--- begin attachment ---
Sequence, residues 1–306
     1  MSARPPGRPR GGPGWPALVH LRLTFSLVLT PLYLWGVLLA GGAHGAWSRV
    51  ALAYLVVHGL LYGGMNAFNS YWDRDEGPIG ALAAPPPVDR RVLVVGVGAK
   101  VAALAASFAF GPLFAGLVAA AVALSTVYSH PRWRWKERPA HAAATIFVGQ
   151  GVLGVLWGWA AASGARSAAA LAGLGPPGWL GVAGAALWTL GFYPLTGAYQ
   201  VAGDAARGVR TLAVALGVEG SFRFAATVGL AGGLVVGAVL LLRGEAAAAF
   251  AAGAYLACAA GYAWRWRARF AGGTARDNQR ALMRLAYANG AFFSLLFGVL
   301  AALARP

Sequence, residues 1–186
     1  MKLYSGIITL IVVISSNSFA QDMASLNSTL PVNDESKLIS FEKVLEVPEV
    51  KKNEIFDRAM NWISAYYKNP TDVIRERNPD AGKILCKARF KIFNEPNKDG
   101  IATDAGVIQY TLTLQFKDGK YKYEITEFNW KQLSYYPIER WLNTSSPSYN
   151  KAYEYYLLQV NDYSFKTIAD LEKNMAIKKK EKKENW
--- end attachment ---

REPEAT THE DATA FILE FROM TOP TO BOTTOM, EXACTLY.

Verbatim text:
Sequence, residues 1–306
     1  MSARPPGRPR GGPGWPALVH LRLTFSLVLT PLYLWGVLLA GGAHGAWSRV
    51  ALAYLVVHGL LYGGMNAFNS YWDRDEGPIG ALAAPPPVDR RVLVVGVGAK
   101  VAALAASFAF GPLFAGLVAA AVALSTVYSH PRWRWKERPA HAAATIFVGQ
   151  GVLGVLWGWA AASGARSAAA LAGLGPPGWL GVAGAALWTL GFYPLTGAYQ
   201  VAGDAARGVR TLAVALGVEG SFRFAATVGL AGGLVVGAVL LLRGEAAAAF
   251  AAGAYLACAA GYAWRWRARF AGGTARDNQR ALMRLAYANG AFFSLLFGVL
   301  AALARP

Sequence, residues 1–186
     1  MKLYSGIITL IVVISSNSFA QDMASLNSTL PVNDESKLIS FEKVLEVPEV
    51  KKNEIFDRAM NWISAYYKNP TDVIRERNPD AGKILCKARF KIFNEPNKDG
   101  IATDAGVIQY TLTLQFKDGK YKYEITEFNW KQLSYYPIER WLNTSSPSYN
   151  KAYEYYLLQV NDYSFKTIAD LEKNMAIKKK EKKENW